Sea Level Rise, Wetlands, Adaptation

Sea levels are rising in Virginia at the highest rate on the Atlantic Coast.  Warmer waters expand, warmer air melts glaciers, and our land is sinking – a combination that has produced 1.5 feet of sea level rise over the last century and is expected to produce 3-5 feet over the next.

Wetlands, mudflats, underwater grasses, shoreline buffers are all at risk from this inundation.  Shoreline development taking place now will block the migration option in coming decades, dooming our tidal shoreline habitat to drowning in place.

In 2007, Wetlands Watch estimated that our current rates of sea level rise would result in the loss of 50 – 80% of Virginia’s tidal wetlands.  We then set out to do something about this.

In 2008, Wetlands Watch’s executive director was appointed to the Virginia Commission on Climate Change.  In this work, we were able to develop a road map for Virginia to use in adapting to sea level rise. 

We also began work with local governments throughout Virginia, using land use planning and other tools.  We wanted to keep shorelines open and undeveloped in advance of inundation.  We developed a “toolkit” of approaches that can be used in Virginia today to address sea level rise and increasing storm surge inundation.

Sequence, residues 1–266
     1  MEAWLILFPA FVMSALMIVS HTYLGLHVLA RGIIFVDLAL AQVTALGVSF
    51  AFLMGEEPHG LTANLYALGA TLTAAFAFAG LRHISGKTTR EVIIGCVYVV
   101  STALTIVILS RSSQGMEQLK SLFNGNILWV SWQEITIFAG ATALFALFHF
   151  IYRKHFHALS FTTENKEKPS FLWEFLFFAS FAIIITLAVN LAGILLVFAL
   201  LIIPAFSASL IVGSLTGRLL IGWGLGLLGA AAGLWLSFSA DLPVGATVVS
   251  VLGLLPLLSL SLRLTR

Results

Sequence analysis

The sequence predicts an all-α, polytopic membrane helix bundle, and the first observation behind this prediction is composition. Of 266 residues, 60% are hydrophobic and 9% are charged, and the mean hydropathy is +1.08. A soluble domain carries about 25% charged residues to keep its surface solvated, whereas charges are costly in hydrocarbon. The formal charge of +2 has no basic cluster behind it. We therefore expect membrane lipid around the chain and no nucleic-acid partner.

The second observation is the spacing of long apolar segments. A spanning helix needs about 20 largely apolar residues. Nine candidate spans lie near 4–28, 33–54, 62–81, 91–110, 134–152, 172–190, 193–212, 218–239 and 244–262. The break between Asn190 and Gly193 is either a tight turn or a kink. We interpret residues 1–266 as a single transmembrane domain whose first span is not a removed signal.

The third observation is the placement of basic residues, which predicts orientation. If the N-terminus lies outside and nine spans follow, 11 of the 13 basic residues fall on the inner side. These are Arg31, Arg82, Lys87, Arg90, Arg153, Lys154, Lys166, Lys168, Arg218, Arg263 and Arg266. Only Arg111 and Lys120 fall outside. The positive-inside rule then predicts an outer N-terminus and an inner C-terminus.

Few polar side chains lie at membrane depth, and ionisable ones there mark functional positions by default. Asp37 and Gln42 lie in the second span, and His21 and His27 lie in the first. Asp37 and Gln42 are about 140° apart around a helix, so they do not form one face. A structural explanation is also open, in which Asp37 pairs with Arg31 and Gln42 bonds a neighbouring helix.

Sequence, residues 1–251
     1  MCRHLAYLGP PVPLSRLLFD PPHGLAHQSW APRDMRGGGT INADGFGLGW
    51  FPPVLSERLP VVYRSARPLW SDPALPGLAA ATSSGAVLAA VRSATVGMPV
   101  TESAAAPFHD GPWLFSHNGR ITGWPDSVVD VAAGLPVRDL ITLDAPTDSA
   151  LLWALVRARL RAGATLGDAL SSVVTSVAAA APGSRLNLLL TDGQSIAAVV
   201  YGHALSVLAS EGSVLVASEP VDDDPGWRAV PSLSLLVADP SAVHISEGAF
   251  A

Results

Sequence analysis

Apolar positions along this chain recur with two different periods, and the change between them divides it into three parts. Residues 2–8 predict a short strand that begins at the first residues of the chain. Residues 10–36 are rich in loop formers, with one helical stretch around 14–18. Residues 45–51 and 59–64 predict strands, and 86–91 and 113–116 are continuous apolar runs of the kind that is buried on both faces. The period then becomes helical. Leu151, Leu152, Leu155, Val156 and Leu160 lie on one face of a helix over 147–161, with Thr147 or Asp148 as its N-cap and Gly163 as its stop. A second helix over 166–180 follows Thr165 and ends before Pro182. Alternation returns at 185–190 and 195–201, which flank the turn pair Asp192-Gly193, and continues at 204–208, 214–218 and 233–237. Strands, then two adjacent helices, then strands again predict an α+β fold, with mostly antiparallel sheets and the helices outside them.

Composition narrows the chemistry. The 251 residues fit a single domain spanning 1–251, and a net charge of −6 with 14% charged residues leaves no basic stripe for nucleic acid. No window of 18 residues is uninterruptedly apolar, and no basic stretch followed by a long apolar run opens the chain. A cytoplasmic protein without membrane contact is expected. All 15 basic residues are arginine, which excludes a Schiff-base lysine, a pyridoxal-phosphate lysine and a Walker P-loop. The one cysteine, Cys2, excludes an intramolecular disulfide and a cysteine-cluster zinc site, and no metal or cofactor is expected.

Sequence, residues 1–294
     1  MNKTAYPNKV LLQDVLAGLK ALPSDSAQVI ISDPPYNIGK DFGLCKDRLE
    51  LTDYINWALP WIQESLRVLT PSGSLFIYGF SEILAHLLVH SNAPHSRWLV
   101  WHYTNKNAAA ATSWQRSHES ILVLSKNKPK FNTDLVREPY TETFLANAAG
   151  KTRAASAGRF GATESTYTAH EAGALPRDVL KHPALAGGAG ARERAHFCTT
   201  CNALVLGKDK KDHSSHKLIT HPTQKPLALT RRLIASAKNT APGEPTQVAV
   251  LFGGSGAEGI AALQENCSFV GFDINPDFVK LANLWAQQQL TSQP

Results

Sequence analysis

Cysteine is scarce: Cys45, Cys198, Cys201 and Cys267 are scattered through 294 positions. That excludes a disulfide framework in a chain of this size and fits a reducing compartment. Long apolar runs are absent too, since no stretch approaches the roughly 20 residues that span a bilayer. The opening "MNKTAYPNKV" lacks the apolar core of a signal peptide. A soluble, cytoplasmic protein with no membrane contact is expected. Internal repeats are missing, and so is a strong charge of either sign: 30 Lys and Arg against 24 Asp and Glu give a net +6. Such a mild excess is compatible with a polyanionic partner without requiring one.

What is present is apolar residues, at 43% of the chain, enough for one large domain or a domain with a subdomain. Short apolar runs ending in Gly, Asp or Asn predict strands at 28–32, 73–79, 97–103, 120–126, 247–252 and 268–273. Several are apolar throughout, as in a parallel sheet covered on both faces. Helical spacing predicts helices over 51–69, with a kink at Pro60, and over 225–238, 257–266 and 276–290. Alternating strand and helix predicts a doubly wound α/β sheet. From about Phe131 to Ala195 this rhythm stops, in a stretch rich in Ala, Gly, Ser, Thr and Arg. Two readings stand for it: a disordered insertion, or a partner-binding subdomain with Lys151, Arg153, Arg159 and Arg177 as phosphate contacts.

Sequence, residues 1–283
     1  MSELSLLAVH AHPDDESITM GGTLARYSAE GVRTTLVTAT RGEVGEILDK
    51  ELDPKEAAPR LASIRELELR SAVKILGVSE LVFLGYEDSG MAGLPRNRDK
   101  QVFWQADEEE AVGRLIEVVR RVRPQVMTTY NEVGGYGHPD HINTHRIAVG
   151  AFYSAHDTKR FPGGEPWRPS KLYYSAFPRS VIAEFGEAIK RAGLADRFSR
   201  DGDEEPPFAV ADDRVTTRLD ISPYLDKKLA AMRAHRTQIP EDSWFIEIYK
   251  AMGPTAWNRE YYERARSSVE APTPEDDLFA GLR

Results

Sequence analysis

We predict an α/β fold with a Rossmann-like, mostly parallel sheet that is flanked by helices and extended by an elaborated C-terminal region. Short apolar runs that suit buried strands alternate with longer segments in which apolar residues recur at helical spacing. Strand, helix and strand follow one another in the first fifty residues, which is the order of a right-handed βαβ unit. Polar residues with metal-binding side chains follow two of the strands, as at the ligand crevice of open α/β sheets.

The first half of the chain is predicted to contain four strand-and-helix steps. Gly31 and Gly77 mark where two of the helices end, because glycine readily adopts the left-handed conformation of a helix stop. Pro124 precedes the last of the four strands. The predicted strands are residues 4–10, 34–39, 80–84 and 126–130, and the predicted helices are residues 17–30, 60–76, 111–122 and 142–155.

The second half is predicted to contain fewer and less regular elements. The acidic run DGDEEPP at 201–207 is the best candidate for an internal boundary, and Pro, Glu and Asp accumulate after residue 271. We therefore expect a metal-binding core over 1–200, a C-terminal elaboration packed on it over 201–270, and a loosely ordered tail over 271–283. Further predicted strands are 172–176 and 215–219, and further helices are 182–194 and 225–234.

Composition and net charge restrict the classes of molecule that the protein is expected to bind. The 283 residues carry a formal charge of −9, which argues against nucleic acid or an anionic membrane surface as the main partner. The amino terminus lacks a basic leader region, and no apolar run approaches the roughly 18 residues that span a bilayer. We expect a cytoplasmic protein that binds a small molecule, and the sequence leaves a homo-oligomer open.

Today we are engaged in a statewide campaign to raise awareness and action on sea level rise, inundation threats, and the future of Virginia’s coastal communities.  We have worked from Lewisetta, around the Bay and ocean front to Chincoteague and over to Tangier.  Without state support for sea level rise adaptation efforts, we have served as a virtual state agency, connecting localities and planning districts, hosting the climate change website after the state took it down, providing public outreach and education, and in many other ways.

 Everyone in Virginia needs to better understand sea level rise and its impacts.  We need to begin today to adapt to this reality – in our lives and in our communities.


If you live in a tidal community, ask your local planning department what they are doing to deal with sea level rise in

  • Comprehensive, long-range land use plans
  • Plans to site parks, schools, fire and police stations so that they stay dry during storms – today’s storms and those to come
  • Flood and storm planning required by the federal government

Find your city or county’s floodplain plan (every locality has to have one in order to get federal flood insurance) and read it.  Does it include sea level rise?  It should.  More and more cities and counties in tidal Virginia are dealing with these issues.

Observe and record evidence of increased flooding – streets that used to be dry that are now wet with every full moon, buildings that flood regularly now, etc.  Let us know about these problems – we are documenting the issue to get the federal government to help.

Learn more about the issue to stay informed - see "Sea Level Rise Adaptation"

Contact us for more information